Mass Burning and Burial of Egyptian Soldiers in Israel Revealed After 55 Years

Mass Burning and Burial of Egyptian Soldiers in Israel Revealed After 55 Years

Image Credit: Britannica

In a thread on Twitter, Israeli journalist Yossi Melman revealed the details of an incident in the 1967 War, in which, according to his account, at least 20 Egyptian soldiers were burned alive and buried in a mass grave by soldiers from the Israeli Defence Force (IDF).

The tweets, which Melman published on 8 June, cite files that saw the light after 55 years of being classified, and the story “hushed up” by the IDF. While he puts the figure at a minimum of 20, other sources – including a report from Israeli newspaper Haaretz – estimate a number as high as 80 unidentified, unmarked, buried casualties.

Melman details that the massacre took place in a no-man’s land in the West Bank, where two Egyptian battalions were deployed to raid the city of Lod and nearby airfields. After an exchange of gunfire between the Egyptian soldiers and the IDF along with members of the Nahshon Kibbutz, a communal settlement in the area, where a number of Egyptian soldiers were captured. Subsequently the IDF set fire to wild bushes, which in the dry and hot weather of the time spread rapidly, giving the soldiers “no chance to escape”.

Following the live burning of the Egyptian soldiers, IDF soldiers came to the scene with bulldozers, constructing a mass grave in which they threw the bodies of the Egyptian soldiers without marking the grave.

Today, a park by the name of ‘Mini Israel’ is built over the site of the atrocity.

Zeen Bloch, a member of the Nahshon Kibbutz who was present at the scene, told Melman that the members of the Kibbutz watched as the IDF “looted personal belongings and left the mass grave unmarked.”

On its own, the burial in unmarked burial sites without notifying the International Committee of the Red Cross is a breach of the fourth Geneva Conventions regulating the laws of war. However, unless there is further investigation, it may not become clear whether this was the only war crime committed that day.

The Ha’aretz report suggests that prohibited phosphorus shells may have been used to start the fire that killed the Egyptian soldiers, and questions are raised as to the state of the Egyptian fighters at the time of their killing; the Fourth Geneva Convention bars killing soldiers who are out of the fight by reason of injury or surrender.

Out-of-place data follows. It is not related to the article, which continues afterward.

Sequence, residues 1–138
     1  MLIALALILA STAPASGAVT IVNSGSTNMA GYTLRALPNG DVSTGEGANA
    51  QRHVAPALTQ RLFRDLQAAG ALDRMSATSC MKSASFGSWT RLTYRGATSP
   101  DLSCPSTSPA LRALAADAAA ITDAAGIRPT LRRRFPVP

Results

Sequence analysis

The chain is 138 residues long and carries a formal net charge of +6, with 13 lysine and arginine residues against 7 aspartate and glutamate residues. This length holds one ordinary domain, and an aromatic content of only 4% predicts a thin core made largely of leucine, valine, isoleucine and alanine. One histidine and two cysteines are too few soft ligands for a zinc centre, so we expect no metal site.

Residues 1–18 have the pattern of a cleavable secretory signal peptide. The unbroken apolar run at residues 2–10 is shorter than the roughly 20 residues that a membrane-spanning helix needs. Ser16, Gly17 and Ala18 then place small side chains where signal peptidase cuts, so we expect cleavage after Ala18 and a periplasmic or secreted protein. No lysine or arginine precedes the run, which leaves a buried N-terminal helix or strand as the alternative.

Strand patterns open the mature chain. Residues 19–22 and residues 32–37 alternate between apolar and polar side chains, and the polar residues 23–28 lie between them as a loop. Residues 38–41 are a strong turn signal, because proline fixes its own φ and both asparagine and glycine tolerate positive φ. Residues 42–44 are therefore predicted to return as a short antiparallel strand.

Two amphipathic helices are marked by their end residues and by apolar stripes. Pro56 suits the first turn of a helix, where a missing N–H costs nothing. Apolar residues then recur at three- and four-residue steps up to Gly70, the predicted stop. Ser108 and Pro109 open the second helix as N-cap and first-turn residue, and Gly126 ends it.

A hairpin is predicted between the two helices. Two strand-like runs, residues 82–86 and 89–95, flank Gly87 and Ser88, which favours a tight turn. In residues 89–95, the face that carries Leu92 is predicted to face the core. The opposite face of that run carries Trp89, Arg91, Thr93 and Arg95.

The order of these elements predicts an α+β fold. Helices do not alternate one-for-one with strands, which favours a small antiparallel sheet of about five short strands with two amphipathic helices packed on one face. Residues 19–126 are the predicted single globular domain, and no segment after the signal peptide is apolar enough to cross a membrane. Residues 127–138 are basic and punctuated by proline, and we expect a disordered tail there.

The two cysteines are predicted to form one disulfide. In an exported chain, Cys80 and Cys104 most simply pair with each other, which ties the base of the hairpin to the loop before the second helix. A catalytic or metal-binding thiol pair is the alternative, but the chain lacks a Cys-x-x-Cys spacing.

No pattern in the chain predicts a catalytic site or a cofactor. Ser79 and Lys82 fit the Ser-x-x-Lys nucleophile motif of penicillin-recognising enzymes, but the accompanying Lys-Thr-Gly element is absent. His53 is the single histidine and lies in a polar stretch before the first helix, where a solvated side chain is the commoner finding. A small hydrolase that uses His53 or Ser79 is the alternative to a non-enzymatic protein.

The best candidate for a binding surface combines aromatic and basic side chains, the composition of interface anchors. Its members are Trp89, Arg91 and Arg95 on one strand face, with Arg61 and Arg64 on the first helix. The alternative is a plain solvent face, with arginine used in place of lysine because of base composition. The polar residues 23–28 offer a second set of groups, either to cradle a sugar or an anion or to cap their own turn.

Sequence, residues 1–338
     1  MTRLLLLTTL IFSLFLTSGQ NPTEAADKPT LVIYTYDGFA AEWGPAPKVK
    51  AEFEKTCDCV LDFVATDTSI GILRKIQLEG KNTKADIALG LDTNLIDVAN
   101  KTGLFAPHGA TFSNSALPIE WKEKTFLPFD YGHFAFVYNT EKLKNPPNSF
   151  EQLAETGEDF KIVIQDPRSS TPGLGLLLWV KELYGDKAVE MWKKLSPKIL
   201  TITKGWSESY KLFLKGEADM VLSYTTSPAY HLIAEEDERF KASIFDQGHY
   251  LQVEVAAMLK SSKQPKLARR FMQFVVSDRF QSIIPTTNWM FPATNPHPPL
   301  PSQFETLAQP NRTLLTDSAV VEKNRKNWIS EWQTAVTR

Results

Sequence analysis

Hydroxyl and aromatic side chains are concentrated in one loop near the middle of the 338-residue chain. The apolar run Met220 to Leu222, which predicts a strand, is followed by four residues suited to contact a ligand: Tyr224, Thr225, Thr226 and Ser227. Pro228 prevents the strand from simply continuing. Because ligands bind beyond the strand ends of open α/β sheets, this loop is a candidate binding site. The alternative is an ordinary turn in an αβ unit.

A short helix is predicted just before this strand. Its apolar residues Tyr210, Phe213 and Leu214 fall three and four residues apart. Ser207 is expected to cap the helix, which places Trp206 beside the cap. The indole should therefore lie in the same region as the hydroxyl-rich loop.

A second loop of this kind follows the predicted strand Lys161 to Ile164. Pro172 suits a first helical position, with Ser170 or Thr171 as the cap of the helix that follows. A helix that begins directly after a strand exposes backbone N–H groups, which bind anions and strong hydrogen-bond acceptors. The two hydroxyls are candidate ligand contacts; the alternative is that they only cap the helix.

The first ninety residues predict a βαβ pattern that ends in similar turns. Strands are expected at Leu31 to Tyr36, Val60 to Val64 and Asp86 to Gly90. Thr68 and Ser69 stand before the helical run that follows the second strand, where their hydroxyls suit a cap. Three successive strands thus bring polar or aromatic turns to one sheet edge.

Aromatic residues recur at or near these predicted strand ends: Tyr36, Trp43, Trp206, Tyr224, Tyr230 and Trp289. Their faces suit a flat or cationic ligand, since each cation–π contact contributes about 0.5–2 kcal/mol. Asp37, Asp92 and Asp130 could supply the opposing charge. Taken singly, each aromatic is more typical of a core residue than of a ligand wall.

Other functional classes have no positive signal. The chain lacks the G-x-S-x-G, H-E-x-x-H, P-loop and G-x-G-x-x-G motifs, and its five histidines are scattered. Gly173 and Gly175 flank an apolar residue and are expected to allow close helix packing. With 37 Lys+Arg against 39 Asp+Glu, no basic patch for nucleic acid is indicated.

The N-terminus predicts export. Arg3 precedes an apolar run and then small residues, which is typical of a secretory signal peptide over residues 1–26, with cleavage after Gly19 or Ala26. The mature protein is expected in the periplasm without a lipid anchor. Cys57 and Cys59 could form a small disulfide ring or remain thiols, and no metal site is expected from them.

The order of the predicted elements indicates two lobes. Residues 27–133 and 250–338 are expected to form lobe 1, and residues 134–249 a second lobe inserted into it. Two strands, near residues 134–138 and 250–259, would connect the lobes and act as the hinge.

“The veil of silence suited everybody,” says Bloch. “The few who knew didn’t want to talk about it. We were ashamed. But above all it was [an] IDF decision in the heat of the war.”

‘Absolute Scarcity’: A Look Into Egypt’s Turbulent Water Crisis
Ons Jabeur Makes History, Becomes First North African And Arab Woman to Reach a Grand Slam Final

Subscribe to our newsletter


Senior Editor at Egyptian Streets and Adjunct Professor at the Department of Journalism and Mass Communication at the American University in Cairo. Holds a master's degree in Global Journalism from the University of Sheffield, where she wrote a dissertation about the effect of disinformation on the profession of journalism. Passionate about music, story-telling, baking, social justice, and taking care of her plants. "If you smell something, say something." -Jon Stewart, 2015

More in News

Egypt's Central Bank in Cairo courtesy of Reuters

Central Bank of Egypt Raises Key Interest Rates by 2%

Amina Zaineldine30 March 2023

Egypt’s Former Ministry of Interior to be Turned into a Hotel

Dina Khadr30 March 2023

Egypt Joins New Development Bank to Find Alternative Forms of Finance

Egyptian Streets30 March 2023

Egypt Introduces New Measures for Visas to Increase Tourism

Egyptian Streets29 March 2023

Egypt’s Public Prosecution Gives Temporary Custody to Baby Shenouda’s Adoptive Family

Farah Rafik29 March 2023

Egypt Defeats Malawi 4-0 in 2023 African Cup Qualifiers

Marina Makary28 March 2023

Egypt to Get Its Very Own Fashion Week For the First Time

Egyptian Streets26 March 2023

Egypt Defeats Malawi 2-0 in Qualifiers for Africa Cup of Nations

Farah Rafik25 March 2023